Paper presented at the ICOM International Conference in Barcelona on 4 July 2001.

An Experiment in Access

Sally MacDonald. Petrie Museum of Egyptian Archaeology, University College, London.

Ancient Egypt: Digging for Dreams is a touring exhibition created by a university museum in partnership with two local authority museums. One aim of this collaboration is to bring university collections to a wider audience. Public reaction to this exhibition to date has been overwhelmingly positive: the academic response equivocal. This paper describes the exhibition, summarises the reactions to it, and examines some more general issues for university museums seeking to broaden their audiences.


The Petrie Museum of Egyptian Archaeology is just over a century old. It is part of University College London (UCL), was founded, along with its Egyptology Department, in 1893, and takes its name from the first professor, Flinders Petrie (1853-1942). The collection grew rapidly over the next seventy years, through Petrie's annual excavations in Egypt, and those of his students and successors. It now numbers around 80,000 objects, and is one of the largest and best-documented collections of Egyptian archaeology in the world, illustrating life in the Nile valley from Palaeolithic times to the 20th century CE. The museum is full of objects of great public interest, including vast quantities of artefacts used in daily life in the ancient world (costume, jewellery, writing materials, tools); funerary material (the world's largest collection of Roman period mummy portraits); and important archaeological groups, such as the artistic productions from Akhenaten's city at Amarna. Despite the collection's popular appeal, it was always intended primarily to support the teaching of Egyptian archaeology, and it includes encyclopaedic type collections to help students learn to date finds (MacDonald 2000).


For most of its history, the museum has been known to and used by a select academic audience; around 300 visitors a year are listed in the visitors' books. During the 1980s the audience began to expand to include interested laypeople, a Friends organisation was set up and by the late 1990s numbers had increased to 3,000 a year. At this point the university took the decision to alter the management of the museum. A new structure was created for management of collections throughout UCL, and within the Petrie Museum a managerial post was created, one of the main tasks of which was to broaden the museum's audience. At around the same time, the museum's collections were designated by the UK government as being of national importance. Designation brought both new funding and with it the responsibility to begin to serve a national audience.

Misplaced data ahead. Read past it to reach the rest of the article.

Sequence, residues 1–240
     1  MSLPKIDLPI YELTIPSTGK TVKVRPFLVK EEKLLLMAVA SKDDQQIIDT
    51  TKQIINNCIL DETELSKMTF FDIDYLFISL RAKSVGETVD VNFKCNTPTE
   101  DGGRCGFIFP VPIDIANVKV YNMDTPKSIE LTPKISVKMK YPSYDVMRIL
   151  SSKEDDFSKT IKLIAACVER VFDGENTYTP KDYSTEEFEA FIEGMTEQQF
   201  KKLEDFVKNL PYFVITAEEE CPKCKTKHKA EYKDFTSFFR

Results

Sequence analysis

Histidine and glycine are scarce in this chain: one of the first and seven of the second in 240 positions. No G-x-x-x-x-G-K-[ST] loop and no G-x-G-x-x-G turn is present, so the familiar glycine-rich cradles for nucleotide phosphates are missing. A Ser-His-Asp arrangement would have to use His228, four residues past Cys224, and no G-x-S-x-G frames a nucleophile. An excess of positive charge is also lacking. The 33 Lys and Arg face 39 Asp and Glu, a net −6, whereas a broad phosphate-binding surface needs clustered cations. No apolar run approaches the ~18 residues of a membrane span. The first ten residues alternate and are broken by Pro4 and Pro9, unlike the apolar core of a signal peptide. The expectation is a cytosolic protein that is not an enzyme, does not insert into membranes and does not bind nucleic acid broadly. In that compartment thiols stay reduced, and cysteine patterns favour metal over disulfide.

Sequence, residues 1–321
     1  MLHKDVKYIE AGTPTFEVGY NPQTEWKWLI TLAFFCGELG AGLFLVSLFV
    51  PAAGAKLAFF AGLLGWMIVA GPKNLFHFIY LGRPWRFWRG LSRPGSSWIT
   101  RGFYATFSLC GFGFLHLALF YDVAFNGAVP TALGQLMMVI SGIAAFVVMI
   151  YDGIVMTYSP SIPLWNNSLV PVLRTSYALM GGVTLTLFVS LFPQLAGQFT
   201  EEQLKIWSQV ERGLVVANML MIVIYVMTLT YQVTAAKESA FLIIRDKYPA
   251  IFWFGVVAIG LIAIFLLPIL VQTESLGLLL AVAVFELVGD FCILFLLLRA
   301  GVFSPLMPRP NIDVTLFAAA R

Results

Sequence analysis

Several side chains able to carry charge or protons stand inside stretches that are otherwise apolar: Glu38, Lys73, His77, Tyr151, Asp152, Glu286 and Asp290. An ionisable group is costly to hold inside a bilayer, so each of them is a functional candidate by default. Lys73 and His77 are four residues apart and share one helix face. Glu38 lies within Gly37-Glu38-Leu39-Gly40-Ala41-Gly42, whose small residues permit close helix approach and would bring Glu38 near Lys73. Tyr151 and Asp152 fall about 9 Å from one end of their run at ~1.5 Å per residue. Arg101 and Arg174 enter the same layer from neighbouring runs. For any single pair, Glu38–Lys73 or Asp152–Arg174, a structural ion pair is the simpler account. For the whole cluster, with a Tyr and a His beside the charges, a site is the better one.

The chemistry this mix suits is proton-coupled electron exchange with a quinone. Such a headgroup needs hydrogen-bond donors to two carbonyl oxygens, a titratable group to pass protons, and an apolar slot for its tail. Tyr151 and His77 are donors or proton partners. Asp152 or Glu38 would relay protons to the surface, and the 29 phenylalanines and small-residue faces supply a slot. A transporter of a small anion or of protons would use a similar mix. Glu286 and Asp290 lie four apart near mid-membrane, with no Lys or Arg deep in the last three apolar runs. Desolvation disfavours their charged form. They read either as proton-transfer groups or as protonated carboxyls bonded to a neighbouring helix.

For the Petrie Museum, as for many other outstanding university-owned collections (there are fifteen at the time of writing; a full list is at now deemed to be nationally significant, designation presents a great challenge. Staffing and revenue budgets have been so low that services even to internal academic audiences are arguably inadequate and many would deride the idea that such museums could operate as national centres of excellence.

On top of this, the Petrie Museum operates, as do many university museums, from a dramatically inaccessible site, its unprepossessing surroundings effectively establishing its low profile and limited audience. It is situated on the first floor of a university library building off a goods yard, on top of a boiler. Signage is almost non-existent and visitors from the real world must negotiate a security gate, delivery vans and a library turnstile, before encountering displays that assume a specialist knowledge of Egyptology. On Saturdays during vacation there is no lift access to the displays, and the museum will shortly be in breach of legislation relating to disability access. Those people who do manage to find the museum are overwhelmed with a sense of achievement and discovery.

Without a substantially increased marketing budget or a new site the potential for increasing audiences to the museum itself is negligible. The challenge of increasing audiences is particularly acute in a subject as polarised as Egyptology. There can be few areas of ancient or modern history that hold such broad popular appeal, yet within academia, some have suggested that its very popularity gives Egyptology a dubious status as a rigorous intellectual discipline (Roth 1998). Market research carried out by the Petrie Museum with existing and potential users has confirmed the existence of this rather unhelpful divide (MacDonald and Shaw 2000).

In view of its potentially wide audience yet restricted site, the museum has focussed on outreach, both digital and physical, as a means of widening access to its collections (MacDonald, McKeown and Quirke 2001). Designation funding from the government is enabling the creation of a complete, illustrated online catalogue of the collections by 2002. This digital catalogue, and a sister project to create digital resources for higher education, should significantly increase and enhance use of the collections by students, academic and other researchers, schools and the general public. The exhibition described here is the physical counterpart to these virtual initiatives, although of necessity it is more selective and more evidently constructed.